Recently, wireless charging had been catching on in a lot of consumer technology especially smart phones. While almost useless at this point in time, it will hopefully get better over time, but here's the basics of how it works. There is a charging base, that must be connected to some conventional power supply, such as a wall outlet, and in the base, there is an induction coil which generates a changing magnetic field. A phone with wireless charging capabilities also has another induction coil,
So just about everyone has played, or at least seen someone play a guitar before. But how does it work? Well in general, it's a pretty simple concept. You strum a string, or multiple strings, which creates a sound wave that enters the sound hole and is amplified inside the body when the sound waves enter the body and resonate within the wood. In order to get this to sound nice, however, the guitar needs to be tuned. In order for this to happen, several factors must be taken into account, suck as
A lot of things glow in the dark, from toys to stickers to shoes. Just about anything you can imagine, someone's made it glow in the dark. There are several different categories of things that glow in the dark, but i'll be focusing on what makes most consumer products glow in the dark, since it's more relevant to every day life. While researching for this blog post, the second sentence of the Wikipedia page mentioned quantum mechanics, so this could be even more interesting than I initially thou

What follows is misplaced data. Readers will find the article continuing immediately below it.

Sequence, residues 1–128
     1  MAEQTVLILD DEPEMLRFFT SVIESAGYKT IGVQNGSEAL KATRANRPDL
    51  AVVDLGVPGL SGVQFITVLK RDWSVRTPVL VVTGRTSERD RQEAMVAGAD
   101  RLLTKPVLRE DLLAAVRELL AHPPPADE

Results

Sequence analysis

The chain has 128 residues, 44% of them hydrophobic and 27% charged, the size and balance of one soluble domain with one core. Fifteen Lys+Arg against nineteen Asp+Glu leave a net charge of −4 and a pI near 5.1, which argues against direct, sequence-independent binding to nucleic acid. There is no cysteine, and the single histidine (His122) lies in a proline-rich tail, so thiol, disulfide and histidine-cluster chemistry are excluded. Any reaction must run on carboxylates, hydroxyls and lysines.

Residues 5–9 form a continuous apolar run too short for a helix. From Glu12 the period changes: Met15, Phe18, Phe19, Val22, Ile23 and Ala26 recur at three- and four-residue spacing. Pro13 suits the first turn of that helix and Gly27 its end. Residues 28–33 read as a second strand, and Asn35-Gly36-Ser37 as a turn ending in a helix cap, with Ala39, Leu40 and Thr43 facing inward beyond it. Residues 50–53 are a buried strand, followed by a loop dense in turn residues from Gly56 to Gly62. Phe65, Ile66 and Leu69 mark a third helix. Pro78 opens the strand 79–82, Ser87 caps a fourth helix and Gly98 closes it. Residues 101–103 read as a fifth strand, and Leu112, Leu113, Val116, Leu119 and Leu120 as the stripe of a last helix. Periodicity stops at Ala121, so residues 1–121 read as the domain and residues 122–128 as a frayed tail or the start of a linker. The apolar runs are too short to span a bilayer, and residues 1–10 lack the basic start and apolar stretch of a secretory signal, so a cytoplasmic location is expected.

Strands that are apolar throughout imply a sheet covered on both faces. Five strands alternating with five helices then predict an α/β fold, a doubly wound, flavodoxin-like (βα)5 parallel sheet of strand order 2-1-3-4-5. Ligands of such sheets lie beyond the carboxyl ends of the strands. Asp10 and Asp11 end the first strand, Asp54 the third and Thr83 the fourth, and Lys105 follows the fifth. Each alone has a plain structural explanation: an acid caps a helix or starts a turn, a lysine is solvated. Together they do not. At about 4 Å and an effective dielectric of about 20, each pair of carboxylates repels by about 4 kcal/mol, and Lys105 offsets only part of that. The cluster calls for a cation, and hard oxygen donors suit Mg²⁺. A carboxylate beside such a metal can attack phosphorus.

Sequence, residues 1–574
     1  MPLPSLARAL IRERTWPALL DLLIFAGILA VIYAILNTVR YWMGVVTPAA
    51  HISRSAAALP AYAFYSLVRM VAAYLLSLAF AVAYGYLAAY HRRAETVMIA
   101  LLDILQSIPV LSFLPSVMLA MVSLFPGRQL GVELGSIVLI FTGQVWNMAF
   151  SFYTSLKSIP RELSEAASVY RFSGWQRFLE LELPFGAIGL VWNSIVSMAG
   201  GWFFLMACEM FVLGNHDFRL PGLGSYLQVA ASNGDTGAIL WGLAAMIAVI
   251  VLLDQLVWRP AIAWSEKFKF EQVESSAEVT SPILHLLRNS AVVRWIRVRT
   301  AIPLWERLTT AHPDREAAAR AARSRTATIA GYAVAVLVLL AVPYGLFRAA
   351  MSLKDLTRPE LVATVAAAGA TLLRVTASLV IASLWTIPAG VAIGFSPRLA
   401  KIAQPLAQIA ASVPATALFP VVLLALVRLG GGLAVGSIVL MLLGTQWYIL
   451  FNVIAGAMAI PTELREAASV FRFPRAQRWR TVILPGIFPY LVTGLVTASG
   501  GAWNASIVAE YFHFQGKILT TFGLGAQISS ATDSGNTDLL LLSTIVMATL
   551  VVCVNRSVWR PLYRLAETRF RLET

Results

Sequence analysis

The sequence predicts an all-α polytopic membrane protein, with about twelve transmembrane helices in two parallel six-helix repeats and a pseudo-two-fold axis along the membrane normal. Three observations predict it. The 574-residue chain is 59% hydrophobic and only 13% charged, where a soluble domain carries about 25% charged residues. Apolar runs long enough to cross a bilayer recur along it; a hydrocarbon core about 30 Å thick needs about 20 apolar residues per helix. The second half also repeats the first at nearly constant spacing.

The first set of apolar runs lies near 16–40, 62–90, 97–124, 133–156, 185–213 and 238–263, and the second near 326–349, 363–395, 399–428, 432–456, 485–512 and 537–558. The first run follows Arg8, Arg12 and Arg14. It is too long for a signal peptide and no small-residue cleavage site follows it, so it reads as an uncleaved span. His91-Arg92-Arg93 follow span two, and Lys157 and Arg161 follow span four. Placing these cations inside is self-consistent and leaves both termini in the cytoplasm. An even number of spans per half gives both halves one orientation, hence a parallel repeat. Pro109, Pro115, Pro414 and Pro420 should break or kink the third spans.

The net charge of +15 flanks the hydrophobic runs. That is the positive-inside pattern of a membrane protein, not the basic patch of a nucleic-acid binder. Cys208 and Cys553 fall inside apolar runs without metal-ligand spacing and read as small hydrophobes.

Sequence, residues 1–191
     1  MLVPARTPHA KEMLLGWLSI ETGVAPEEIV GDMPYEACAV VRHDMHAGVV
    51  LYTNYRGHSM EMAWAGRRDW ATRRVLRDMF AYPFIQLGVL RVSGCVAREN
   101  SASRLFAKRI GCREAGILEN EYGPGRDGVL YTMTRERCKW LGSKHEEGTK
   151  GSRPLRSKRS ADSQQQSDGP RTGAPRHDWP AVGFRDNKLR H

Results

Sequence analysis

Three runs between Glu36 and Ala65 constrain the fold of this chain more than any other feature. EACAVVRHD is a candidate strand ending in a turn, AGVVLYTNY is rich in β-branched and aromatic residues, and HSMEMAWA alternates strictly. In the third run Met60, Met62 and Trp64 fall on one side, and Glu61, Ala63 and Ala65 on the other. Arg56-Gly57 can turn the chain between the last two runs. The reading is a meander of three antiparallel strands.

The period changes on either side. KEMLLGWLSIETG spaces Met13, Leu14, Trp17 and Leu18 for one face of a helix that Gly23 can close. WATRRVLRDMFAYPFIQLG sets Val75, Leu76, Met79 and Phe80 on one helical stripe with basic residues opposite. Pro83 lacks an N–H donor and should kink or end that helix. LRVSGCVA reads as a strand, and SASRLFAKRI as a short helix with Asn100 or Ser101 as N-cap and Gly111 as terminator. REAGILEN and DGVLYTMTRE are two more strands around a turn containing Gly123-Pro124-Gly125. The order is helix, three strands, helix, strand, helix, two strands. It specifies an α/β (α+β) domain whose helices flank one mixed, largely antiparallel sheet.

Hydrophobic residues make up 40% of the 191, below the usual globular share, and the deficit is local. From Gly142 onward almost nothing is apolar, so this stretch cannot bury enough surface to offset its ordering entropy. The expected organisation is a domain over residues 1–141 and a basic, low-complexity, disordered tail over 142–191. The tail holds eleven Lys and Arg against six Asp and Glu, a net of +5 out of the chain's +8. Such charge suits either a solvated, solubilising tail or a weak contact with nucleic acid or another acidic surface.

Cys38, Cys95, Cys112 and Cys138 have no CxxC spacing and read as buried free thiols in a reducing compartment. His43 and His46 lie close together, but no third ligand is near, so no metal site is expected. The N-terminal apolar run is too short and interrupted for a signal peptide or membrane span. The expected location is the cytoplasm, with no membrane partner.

All cars have an exhaust system. Some are loud, some are quiet, and some are just totally broken. And some of them have a tip that functionally does absolutely nothing, but cost $15 and take an entire day to put on and don't even turn blue when you burn them. But what do they do? Well, simply, they filter dangerous and environment harming chemicals out of the exhaust, as well as quiet down the car quite a bit. But the way it actually works is the catalytic converter creates an oxidizing effect
Recently, just about every phone to come out and even some newer laptops include a finger print sensor. But how does this technology work? Well, in an iPhone and most other mobile phones, the fingerprint sensor used is called a capacitive touch button, which works very similarly to the actual screen of the phone, which fundamentally acts as a capacitor with the button being a conducting plate, the epidermal layer of your finger acting as a dielectric, and the dermal layer acting as the second co
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